The mola mola, also known as the ocean sunfish, and in science as Mola mola (Latin mola: millstone), is one of my favorite creatures. There aren’t many species we informally call by their binomial names. But mola mola is catchy, and what else would you call such a strange and endearing creature?
This beautiful series of paintings below all come from an old book about ocean sunfish published online at the National Diet Library of Japan. According to Pink Tentacle, the artist was Kurimoto Tanshuu (1756-1834). I’d love to know what the text says.
The last page might be views of the slender sunfish, Ranzania laevis, a close relative.
Your first thought upon seeing a mola mola might be: That is one big fish. Full grown mola molas are the largest of all the teleost (bony) fishes, averaging 2,000 pounds/1,000 kilograms, with a maximum published weight of 5,000 pounds/2,300 kilograms.
Your second thought might be: That is one insanely improbable fish. Molas truly swim their own way, synchronously flapping their dorsal and anal fins. As if you and I could propel ourselves through the water—and with surprising speed—by waving one arm and one leg.
From this skeleton, you can also see how sunfish don’t appear to have tails. The perplexing tail problem was only recently worked out by Ralf Britz at the Natural History Museum in London and G. David Johnson at the National Museum of Natural History in Washington DC. From the London Natural History Museum:
Britz and Johnson studied the tails of the ocean sunfish in detail by looking at the developing skeleton of larvae under a microscope. They compared its development with that of a less modified relative of the sunfish, the pufferfish. They found no sign of the caudal fin at any stage of the development of the ocean sunfish and discovered that the dorsal and anal fins grow together to form the [rudderlike] clavus.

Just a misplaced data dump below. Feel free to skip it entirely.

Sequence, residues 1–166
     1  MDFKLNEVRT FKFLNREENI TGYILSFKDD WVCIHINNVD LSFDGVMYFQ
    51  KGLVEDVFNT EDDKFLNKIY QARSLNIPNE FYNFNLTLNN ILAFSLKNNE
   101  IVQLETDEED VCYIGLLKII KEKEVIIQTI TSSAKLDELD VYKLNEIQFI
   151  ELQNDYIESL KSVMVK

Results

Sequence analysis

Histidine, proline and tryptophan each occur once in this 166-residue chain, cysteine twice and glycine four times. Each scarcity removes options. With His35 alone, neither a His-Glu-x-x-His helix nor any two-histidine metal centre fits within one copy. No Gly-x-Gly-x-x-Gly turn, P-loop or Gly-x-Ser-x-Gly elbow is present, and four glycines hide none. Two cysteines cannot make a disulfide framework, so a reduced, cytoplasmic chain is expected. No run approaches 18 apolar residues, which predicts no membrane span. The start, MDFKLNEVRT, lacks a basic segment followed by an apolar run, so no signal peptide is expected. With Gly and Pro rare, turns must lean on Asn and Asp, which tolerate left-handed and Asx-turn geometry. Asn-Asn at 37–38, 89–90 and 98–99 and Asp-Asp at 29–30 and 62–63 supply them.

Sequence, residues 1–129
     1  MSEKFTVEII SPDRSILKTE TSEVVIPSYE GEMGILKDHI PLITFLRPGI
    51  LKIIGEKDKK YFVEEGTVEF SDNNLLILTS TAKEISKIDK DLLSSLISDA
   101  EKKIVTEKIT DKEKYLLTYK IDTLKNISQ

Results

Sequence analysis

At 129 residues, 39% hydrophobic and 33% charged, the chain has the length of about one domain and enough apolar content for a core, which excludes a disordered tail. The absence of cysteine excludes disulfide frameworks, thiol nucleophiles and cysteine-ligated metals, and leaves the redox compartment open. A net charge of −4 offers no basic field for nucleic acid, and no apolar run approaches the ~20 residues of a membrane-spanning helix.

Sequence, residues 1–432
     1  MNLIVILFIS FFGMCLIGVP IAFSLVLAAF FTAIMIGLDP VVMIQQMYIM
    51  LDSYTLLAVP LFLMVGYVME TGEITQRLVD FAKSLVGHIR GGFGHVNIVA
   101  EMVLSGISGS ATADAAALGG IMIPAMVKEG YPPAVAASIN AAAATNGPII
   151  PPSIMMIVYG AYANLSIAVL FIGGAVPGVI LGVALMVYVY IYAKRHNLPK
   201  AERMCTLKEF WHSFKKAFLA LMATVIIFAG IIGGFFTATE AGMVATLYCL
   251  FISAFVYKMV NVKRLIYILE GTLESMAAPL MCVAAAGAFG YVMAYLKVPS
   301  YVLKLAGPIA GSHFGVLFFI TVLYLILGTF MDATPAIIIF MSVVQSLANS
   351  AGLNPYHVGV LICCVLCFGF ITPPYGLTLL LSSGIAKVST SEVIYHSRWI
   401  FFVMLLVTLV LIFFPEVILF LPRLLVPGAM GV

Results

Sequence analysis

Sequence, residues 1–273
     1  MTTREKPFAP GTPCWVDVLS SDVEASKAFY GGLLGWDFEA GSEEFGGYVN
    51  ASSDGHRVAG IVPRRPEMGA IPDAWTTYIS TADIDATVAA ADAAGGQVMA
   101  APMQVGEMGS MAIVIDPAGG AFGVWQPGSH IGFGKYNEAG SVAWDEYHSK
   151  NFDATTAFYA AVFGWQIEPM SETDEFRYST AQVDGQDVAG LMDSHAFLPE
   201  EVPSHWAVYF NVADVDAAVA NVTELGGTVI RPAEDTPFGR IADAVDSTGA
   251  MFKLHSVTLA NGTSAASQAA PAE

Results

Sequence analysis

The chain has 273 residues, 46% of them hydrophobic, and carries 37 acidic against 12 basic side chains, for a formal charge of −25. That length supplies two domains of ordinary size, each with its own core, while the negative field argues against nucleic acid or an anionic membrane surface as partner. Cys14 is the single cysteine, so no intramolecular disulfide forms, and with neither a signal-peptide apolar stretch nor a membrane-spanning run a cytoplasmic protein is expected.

“The colossal ocean sunfish, a pelagic fish with a wide distribution, has lost its tail fin, the main locomotory structure in all other fishes. This was a very surprising and unexpected result!” said Britz.
Here’s what it looks like all put together, as a young mola mola investigates some lucky divers off Catalina Island, California. You can also see that—when left unmolested—mola mola are naturally friendly and curious.
The mola was likely visiting the kelp beds for the services offered by señoritas—the major cleaner in the kelp beds—or some other cleaners. There’s a good living to be made eating other fishes’ parasites or debriding their wounds. More on that in a later post.
In the photograph above you can see a school of blacksmith, who—as they typically do when encountering señoritas—have stopped swimming and are hanging upside down, signalling their desire to be cleaned.
This beautiful mola is getting cleaned by a Moorish idol in Bali.
Here’s a 2.7mm-long larva of the ocean sunfish, Mola mola, from the Ichthyology Collection of the National Science Museum, Tokyo.
Here’s a larval Mola mola. Living proof that the ocean is rife with the fusion between the functional and the fantastical. [Although a friend who really knows fish pointed out that this little dude has a fairly well developed tail and tail stock. So I’m not sure where that leaves the research, above, regarding no-tail molas…]
For unwieldy swimmers, mola molas venture surprisingly deep. The video is from deep coral beds off Florida. From the YouTube page:
This ocean sunfish Mola Mola was about 5 [meters?] long and probably weighed 300-500 pounds. It was discovered during a Johnson-Sea-Link dive on a beautiful Lophelia coral reef located 40 miles east of Cape Canaveral, Florida. The white patches are where its skin has been taken off by unknown means, revealing the white cartilage beneath. Sunfish appear to have at least an ephemeral association with Lophelia coral pinnacles, as they have been seen in these locations numerous times by previous researchers. Video courtesy of Sandra Brooke, Florida Coast Deep Corals 2005, HBOI, NOAA-OER.